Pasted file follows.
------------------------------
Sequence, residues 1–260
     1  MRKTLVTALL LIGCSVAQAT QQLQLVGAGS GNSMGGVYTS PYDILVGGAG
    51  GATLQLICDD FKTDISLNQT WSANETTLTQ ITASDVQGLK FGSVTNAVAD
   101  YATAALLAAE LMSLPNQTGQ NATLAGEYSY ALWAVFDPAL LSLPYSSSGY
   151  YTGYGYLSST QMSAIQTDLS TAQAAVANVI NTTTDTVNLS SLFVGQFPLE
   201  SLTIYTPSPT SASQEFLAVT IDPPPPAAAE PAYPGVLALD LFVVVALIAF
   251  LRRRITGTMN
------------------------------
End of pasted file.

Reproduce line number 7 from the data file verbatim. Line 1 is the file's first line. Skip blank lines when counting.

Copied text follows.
   251  LRRRITGTMN